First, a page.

PL/SQL tables or index-by tables are now known as associative arrays. Associative arrays are single-dimensional collections, also referred to as key-value pair sets. You can think of it as a single column table. Multi-dimensional associative arrays can be created by making collections of collections.   

Associative arrays are unbounded, so there is no need to specify a size when creating one. They can be either dense or sparse. You can, for example, define the values of elements 1, 3, 10, and 200 of an associative array without setting values for any other elements. Associative arrays, however, must be stored in the PL/SQL application rather than in the SQL database, so they cannot be manipulated with SQL statements.

Best uses for associative arrays

Associative arrays are your best choice when you prioritize speed and flexibility of indexing over storage location. A real life use case for associative arrays would be in fundamental programming programming patterns (like memoization, or where function calls are returned to the original cached result to help speed up programs).

Nested tables

Like associative arrays, nested tables are unbounded and require no size specification on creation. Nested tables always begin as dense collections of elements with sequential subscripts. However, because nested tables allow for manipulation of individual elements, nested tables can become sparse through the deletion of elements.

Nested tables can be created either in the database or in a PL/SQL block at the application level. When nested tables are created in the database, they are stored in a separate database table from other columns. However, all nested table types for a database table are stored together in the same separate database table.

Best uses for nested tables

Nested tables are your best choice when you need the ability to dynamically alter individual elements, whether the number of elements or the contents of the elements. Nested tables are also useful when you want to store elements in the SQL database rather than the PL/SQL application.

Varrays

Varrays (short for variable arrays) are bounded—the creation of a varray requires setting the maximum number of elements for the varray. Varrays are therefore useful for storing fixed-size sequential collections of elements that have the same type.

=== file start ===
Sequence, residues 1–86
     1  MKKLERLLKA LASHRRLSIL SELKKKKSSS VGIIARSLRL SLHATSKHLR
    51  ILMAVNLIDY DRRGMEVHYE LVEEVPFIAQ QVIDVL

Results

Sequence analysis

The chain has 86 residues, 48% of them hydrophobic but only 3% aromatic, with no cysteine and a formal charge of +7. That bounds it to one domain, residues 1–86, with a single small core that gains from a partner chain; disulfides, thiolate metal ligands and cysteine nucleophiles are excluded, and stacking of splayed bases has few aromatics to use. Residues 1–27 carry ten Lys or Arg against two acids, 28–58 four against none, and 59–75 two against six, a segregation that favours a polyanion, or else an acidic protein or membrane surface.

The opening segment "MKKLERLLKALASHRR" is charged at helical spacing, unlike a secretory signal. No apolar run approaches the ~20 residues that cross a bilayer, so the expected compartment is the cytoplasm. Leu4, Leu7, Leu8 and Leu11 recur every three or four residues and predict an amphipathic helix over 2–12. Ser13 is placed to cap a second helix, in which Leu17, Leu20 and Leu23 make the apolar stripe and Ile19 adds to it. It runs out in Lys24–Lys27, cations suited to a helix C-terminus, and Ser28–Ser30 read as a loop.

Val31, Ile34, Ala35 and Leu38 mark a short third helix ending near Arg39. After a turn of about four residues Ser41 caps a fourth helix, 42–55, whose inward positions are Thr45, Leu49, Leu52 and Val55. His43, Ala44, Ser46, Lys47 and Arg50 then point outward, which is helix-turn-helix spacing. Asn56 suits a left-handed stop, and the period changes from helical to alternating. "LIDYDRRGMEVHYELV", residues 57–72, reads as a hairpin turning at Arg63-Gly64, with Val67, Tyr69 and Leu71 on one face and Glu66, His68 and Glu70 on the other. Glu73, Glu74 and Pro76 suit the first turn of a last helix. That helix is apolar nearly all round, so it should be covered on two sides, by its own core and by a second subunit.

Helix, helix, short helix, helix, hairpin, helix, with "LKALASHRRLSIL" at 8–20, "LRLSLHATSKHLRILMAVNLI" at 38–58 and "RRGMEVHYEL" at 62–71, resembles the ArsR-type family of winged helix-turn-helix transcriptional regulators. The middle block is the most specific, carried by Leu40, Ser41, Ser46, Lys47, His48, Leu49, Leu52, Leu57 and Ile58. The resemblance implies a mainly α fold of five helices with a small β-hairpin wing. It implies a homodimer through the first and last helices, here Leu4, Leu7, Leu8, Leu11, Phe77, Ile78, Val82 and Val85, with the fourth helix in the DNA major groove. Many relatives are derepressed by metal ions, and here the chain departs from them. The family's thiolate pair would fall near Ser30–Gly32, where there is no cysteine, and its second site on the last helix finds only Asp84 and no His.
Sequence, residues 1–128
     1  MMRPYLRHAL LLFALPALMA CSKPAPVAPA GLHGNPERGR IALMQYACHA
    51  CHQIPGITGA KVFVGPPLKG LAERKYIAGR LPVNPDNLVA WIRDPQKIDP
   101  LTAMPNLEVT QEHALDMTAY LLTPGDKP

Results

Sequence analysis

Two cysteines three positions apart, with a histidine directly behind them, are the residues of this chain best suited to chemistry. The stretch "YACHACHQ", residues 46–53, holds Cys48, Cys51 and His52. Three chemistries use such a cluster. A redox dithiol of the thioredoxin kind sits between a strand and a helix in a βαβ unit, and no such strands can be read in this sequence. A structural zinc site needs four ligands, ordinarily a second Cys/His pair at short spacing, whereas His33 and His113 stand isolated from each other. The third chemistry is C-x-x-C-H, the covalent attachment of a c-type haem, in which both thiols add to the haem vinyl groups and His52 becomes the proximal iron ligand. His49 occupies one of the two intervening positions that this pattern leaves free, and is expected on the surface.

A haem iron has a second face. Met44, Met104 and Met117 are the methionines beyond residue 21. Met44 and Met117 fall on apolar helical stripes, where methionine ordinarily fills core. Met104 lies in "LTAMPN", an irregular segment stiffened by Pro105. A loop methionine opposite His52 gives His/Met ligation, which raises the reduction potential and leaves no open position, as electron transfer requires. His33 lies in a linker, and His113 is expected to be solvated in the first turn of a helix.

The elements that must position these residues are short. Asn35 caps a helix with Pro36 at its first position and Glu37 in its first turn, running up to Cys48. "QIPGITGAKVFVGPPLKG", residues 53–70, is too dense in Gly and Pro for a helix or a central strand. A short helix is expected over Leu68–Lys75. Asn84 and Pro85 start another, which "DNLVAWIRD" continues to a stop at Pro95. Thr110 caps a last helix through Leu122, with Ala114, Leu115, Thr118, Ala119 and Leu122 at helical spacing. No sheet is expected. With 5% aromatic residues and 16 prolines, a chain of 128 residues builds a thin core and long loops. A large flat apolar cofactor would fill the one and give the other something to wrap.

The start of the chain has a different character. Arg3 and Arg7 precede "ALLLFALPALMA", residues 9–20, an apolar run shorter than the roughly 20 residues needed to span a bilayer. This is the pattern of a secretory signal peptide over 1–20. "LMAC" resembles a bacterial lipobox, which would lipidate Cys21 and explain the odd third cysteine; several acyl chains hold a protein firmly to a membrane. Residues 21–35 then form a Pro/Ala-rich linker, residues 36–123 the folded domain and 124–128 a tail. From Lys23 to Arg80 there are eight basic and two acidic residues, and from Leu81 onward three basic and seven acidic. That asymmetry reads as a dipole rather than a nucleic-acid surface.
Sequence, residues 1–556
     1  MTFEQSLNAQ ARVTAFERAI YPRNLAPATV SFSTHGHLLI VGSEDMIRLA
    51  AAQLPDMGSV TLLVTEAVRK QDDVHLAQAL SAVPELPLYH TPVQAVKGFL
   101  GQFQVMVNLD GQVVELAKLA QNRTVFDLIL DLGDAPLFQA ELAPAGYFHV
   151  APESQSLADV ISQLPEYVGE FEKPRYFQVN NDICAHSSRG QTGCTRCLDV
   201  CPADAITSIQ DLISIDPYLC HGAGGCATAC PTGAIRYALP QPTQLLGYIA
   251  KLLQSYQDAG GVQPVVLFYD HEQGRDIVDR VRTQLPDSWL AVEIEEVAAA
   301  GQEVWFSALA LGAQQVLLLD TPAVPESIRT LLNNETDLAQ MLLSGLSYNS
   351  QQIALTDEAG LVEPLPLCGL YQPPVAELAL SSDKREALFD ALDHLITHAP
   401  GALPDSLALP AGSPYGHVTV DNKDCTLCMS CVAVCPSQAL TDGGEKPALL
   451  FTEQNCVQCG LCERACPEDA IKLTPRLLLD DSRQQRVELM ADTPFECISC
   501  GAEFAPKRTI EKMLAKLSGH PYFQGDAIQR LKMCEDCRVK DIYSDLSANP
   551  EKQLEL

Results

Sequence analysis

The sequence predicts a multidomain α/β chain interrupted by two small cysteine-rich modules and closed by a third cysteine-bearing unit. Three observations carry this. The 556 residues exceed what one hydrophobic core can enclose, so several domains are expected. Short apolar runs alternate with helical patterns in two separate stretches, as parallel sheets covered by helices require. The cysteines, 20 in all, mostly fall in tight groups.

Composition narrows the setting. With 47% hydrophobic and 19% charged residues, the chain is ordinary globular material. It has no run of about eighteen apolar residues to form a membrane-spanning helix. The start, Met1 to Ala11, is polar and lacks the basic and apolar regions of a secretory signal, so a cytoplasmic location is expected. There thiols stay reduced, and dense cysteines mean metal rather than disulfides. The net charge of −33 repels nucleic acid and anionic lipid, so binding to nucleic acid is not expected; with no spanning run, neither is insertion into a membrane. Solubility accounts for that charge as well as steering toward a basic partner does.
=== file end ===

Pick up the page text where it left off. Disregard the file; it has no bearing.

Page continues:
Varrays store elements in the same order as they are added to the array in contiguous memory addresses. The lowest address represents the first element of the varray and the highest address represents the last element. 

Although the initial size of a varray is fixed, the individual elements each have maximum sizes that can be altered dynamically. In addition, you can modify the length of a varray using the EXTEND and TRIM methods. Individual elements within a varray (other than the ends), however, cannot be updated or deleted, and therefore varrays are always dense.

Best uses for varrays

Varrays are your best choice when you are working with a fixed and delimited set of elements, for example when you need to preserve an ordered list. Varrays are also useful when you need or want to store data in the SQL database itself.

Examples of using collections in PL/SQL applications

As a basis for providing example coding for the various collection types, we will use the following example.

Suppose that you work as a cybersecurity professional in the IT department of a large corporation. The IT director asks you to start creating monthly logs of identified vulnerabilities created by SQL injections, identifying the leading four vulnerability types every month by location.

In addition, for each vulnerability, you should log specific information about severity from several sources, including the National Vulnerability Database (NVD) Common Vulnerabilities and Exposures (CVE) ID number, the associated Common Weakness Enumeration (CWE) ID number, the Common Vulnerability Scoring System (CVSS) score, and the type of vulnerability from the SQL injection.

To begin with, what are SQL injections? According to cybersecurity expert Mark Preston of Cloud Defense, “SQL injections are attacks that occur when cybercriminals exploit vulnerabilities within search queries executed by a host database. This allows attackers to get access to sensitive information or even change authorizations or user permissions. They can also destroy or manipulate sensitive data found in that database.”

You will also need to associate every vulnerability with an internal project for rectifying it. Consider how you might use the various collections to implement the various pieces of this job assignment. Let’s start with the assembly of the top four vulnerabilities by month and location. Since you know you need a fixed size collection, as you are only tracking four vulnerabilities per location per month, you could use a varrary.

Let’s begin by creating a four element varray, top_vulns, in an existing SQL table. While normal practice would be to use the full form ‘vulnerability,’ to make the code examples easier to read, we have shortened it to vuln or vulns. top_vulns will have the same data type as column vuln_type in table vulns.

CREATE TYPE top_vulns IS VARRAY(4) of vulns.vuln_type%TYPE;